On May 10, 1912, Pete left for Los Angeles.  Val says he left after a fight with Agnes in which she threw a plate at him after he came home a little drunk.  Val says Pete was spending the business into bankruptcy.  His nephew, Ted, says he had oversold the stock in the company.

Agnes says she heard from Pete for 4 or 5 months during which he sent her about $50 in support.  His attitude was reflected somewhat in a letter of 10/20/12 from his brother, Paul, to his wife:

“After the way Agnes treated him and wrote to him he is not likely to deprive himself just for the sake of supporting her especially when she’s being supported by her mother . . . I don’t approve of Pete’s way of handling whatever money he gets ahold of but I can read between the lines.  When & if I get to L. A., I will make him send her some money.”

Pete’s niece, Barbara, said it was well known that Pete simply deserted his wife and five month old daughter. 3  Edith Ligda felt so strongly about Pete’s desertion of his family that his name was simply not mentioned in her presence.  Agnes last heard from Pete toward the end of 1912.  He is last mentioned in a letter from Paul of 11/26/12 in which he says that he: ” . . . received a letter from Pete which was nothing but a sample of their new stock with no writing enclosed.”  On 12/5/12, Paul wrote:

“I have not received any telegram from Pete nor do I expect any for quite awhile.  I think that he will find it harder than he thinks to raise money by proxy.   I wrote to him to that effect & told him to depend more on his own exertions and less on promises from strangers . . .”

Agnes filed for divorce in 1916.  In her pleadings, she said his brother told her Pete was in Salt Lake City. 4  In 1926, at the time of his mother’s death, he is listed as “whereabouts unknown.”  On 11/2/28, Edith wrote: “Peter Ligda has not been heard from for 16 years.”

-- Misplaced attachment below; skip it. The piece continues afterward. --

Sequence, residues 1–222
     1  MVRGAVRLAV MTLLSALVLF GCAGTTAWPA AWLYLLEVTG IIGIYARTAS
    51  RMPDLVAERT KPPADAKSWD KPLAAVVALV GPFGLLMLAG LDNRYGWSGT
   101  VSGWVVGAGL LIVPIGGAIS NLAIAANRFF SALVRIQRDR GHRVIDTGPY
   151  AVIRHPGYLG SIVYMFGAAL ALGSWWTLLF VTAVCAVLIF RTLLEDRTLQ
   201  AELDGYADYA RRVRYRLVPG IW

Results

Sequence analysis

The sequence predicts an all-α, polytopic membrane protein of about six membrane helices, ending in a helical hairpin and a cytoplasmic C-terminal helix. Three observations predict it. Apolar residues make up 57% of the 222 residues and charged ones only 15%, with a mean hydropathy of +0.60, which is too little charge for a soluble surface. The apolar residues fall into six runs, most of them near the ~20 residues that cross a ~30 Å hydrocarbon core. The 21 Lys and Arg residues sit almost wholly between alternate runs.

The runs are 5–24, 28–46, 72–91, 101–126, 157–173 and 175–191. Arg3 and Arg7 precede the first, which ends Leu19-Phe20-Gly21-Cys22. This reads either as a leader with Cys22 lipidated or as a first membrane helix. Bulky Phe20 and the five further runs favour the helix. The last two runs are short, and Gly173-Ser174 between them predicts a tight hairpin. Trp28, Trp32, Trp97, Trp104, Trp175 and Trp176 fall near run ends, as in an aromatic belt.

Pete’s nephew, Ted, says there was regular correspondence between Peter and Paul right up to Paul’s death in 1932, but the letters were sent to Paul’s school address because of the strong feelings Edith had after Pete abandoned his wife and child.  Ted claims he found the letters in a drawer of his father’s desk at McClymonds High School and destroyed them to prevent his mother from knowing Paul had corresponded with Pete all those years.  He says the last correspondence from Pete was from Seattle.  His sister, Val, says Pete died in New York.  I was unable to find a listing for Pete in the Directories for Oakland, Los Angeles or Seattle for 1912 thru 1914; or the Salt Lake City Directories for 1913 or 1917.  I was also unable to locate a death certificate in New York or Seattle or in the National Archives.


  1. Pete applied for the passport in the name of Paul Victor Ligda.  The Clerk who took the information for the passport noted Pete was 5”8” tall with an oval face.
  2. Agnes was born July 14, 1888 in Connecticut.
  3. I was unable to learn what happened to Agnes Christine.  Barbara said she probably went to Berkeley High School.  In a letter of 12/11/61, Edith said her son, Victor, knew her while at college.  This would have likely been around 1928 or 1930.  She is listed in the 1930 Oakland Directory living with her mother at 2712 1/2 College Ave. in Berkeley.  Edith says she married, but did not know her married name.  She was evidently single when her grandmother died on 3/30/31, as she is listed in the obituary as Agnes C. Ligda.  Ted says she lived in Berkeley.
  4. Pete was not served with the divorce complaint.  The final decree was granted July 31, 1917 in Alameda County.  The case number is 48467.  Edith recalls that Agnes worked for the Telephone Co. in Berkeley for many years.  The 1928 Directory listing shows her as working for P. T. & T Co.  She apparently never remarried.  She is shown as living at 2712 ½ College Avenue, Berkeley  with her parents, Olaf and Christina, and working as an operatior with the telephone company in the 1930 census.  She is listed as Agnes E. Ligda in her mother’s obituary on 3/30/31.  She is listed as Ligda in the Oakland City Directories from 1923 thru 1940 living at 2712 1/2 College Ave., Berkeley.  The 1940 census shows her as the owner of the home.  There is a 1967 listing at 407 Vernon St., apt. 202, Oakland.  I was unable to locate her.  She died on October 29, 1985.  Her death certificate listed her usual residence as 21 Inverness Court in San Ramon, California.